Research published this week in the journal Health Affairs suggests computerized patient records are unlikely to cut healthcare costs. The article says going paperless might actually encourage physicians to order costly tests on a more regular basis.
The study found that doctors using electronic health records to track patient tests, like X-rays or magnetic resonance imaging, order more tests than doctors using paper records.
The New York Times reported the study, noting that it was based on a survey conducted by the National Center for Health Statistics. They collected data from more than 28,000 patient visits to more than 1,100 doctors in 2008.
Commenters on the New York Times' Business Day site have been communicating much concern about not only the statistics entailed, but also the authenticity of the research.
"Cost savings will come AFTER we have integrated systems that exchange data versus pockets of EMR's," tweeted @JackShaffer. "The study is not looking at an integrated HIT system where lab tests from any provider are available to all others."
"Do doctors with e-records have better access to expensive tests?" asked @Citizen on the NYT site. "Did the e-records system suggest particular tests? Did the tests prove useful? I wonder if the study itself looked into these kinds of questions."
Commenter @Finkyp said that he assumed improvements in information technology wouldn't further drive up healthcare costs, yet he didn't believe that IT could make a dent in costs, given the large amount of tests, procedures, devices and medications. "Now it may become clear that the situation is actually even worse. Time to stop subsidizing this whole industry," he commented.
In agreement was @WendellMurray. "Electronic medical record systems in and of themselves do not reduce costs automatically," he stated. "They may in fact facilitate more utterly wasteful expenditure on the part of medical service provides, as the study indicates."
Doctors with electronic health records who had access to a patient's previous image results ordered tests for 18 percent of the visits, while those with paper records ordered tests on 12.9 percent of visits, according to the study.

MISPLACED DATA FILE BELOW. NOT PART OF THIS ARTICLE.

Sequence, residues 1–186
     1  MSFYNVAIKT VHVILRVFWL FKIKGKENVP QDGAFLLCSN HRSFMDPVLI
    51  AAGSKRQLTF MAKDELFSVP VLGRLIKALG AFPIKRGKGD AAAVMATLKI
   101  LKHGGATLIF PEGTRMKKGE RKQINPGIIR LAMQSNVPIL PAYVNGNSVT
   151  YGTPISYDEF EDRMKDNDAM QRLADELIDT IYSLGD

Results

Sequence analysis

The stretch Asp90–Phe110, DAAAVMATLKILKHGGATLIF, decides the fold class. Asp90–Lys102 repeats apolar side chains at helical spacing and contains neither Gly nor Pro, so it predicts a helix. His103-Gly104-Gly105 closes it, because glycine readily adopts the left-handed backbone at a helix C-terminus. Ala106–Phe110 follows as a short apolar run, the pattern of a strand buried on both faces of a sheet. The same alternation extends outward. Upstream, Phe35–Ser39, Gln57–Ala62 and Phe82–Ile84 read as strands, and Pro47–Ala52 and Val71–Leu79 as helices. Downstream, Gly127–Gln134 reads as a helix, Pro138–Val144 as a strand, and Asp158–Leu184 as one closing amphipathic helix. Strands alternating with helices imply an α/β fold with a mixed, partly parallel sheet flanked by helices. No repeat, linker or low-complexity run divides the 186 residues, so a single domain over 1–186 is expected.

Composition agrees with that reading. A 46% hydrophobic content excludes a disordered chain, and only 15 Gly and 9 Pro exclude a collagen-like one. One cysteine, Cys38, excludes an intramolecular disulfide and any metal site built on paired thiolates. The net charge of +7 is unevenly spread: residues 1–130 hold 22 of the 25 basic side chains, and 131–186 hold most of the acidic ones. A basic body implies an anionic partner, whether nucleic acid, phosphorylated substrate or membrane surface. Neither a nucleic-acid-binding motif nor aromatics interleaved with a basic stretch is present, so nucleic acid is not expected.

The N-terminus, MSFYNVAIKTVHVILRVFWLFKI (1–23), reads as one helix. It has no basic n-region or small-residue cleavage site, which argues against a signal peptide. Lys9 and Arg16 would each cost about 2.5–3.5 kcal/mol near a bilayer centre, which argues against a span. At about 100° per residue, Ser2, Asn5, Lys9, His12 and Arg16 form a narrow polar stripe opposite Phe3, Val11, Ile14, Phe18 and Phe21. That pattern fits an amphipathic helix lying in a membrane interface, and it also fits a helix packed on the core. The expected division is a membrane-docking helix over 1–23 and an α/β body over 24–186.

"The problem is all healthcare providers are used to their current level of income and they will figure out ways to manipulate the system to maintain same income," commented @Wack. "Unless and until we pool in demand, reduce or eliminate unnecessary tests and pay based on outcome rather than treatment code, this hell will continue."
One way to look at it according to Twitter user @bradprince is that more exams equal a more accurate diagnosis. "Perhaps it is just better healthcare at the same cost overall," he tweeted.
@Kate suggests that digital records weren't ever supposed to cut costs necessarily, but allow for an aggregated view of a patient's health and well being by being able to share data between multiple sources.
"The real problem is interoperability. If my hospital is entirely on paper, then the data is useless to my primary care doctor, who still gets all my hospital records on paper," she noted.
Commenter @Srulik is a practicing physician who uses his electronic medical record on a daily basis. "I can say without hesitation that it has failed on multiple accounts," he shared on the New York Times site. "From this physician's point of view, the electronic medical record needs to be re-evaluated, reconfigured, re-booted, or just plain deleted."
Does going paperless really reduce the costs of healthcare? Tweet at us @HITNewsTweet and share your opinion!